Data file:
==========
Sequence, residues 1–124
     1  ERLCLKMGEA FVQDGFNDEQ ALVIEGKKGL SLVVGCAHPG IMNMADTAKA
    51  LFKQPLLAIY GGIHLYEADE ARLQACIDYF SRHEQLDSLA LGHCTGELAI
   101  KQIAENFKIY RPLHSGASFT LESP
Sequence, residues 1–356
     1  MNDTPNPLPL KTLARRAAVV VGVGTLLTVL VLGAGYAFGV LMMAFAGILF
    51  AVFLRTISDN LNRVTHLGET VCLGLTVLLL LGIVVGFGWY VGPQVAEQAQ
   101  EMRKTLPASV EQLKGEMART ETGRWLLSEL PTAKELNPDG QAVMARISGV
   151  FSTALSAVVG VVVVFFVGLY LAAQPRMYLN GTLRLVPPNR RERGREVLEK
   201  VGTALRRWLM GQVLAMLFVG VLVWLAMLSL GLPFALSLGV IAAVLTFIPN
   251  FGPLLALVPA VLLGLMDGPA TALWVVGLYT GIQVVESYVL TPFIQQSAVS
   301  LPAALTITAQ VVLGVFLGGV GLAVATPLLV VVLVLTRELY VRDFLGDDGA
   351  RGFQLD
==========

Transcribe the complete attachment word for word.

Sequence, residues 1–124
     1  ERLCLKMGEA FVQDGFNDEQ ALVIEGKKGL SLVVGCAHPG IMNMADTAKA
    51  LFKQPLLAIY GGIHLYEADE ARLQACIDYF SRHEQLDSLA LGHCTGELAI
   101  KQIAENFKIY RPLHSGASFT LESP
Sequence, residues 1–356
     1  MNDTPNPLPL KTLARRAAVV VGVGTLLTVL VLGAGYAFGV LMMAFAGILF
    51  AVFLRTISDN LNRVTHLGET VCLGLTVLLL LGIVVGFGWY VGPQVAEQAQ
   101  EMRKTLPASV EQLKGEMART ETGRWLLSEL PTAKELNPDG QAVMARISGV
   151  FSTALSAVVG VVVVFFVGLY LAAQPRMYLN GTLRLVPPNR RERGREVLEK
   201  VGTALRRWLM GQVLAMLFVG VLVWLAMLSL GLPFALSLGV IAAVLTFIPN
   251  FGPLLALVPA VLLGLMDGPA TALWVVGLYT GIQVVESYVL TPFIQQSAVS
   301  LPAALTITAQ VVLGVFLGGV GLAVATPLLV VVLVLTRELY VRDFLGDDGA
   351  RGFQLD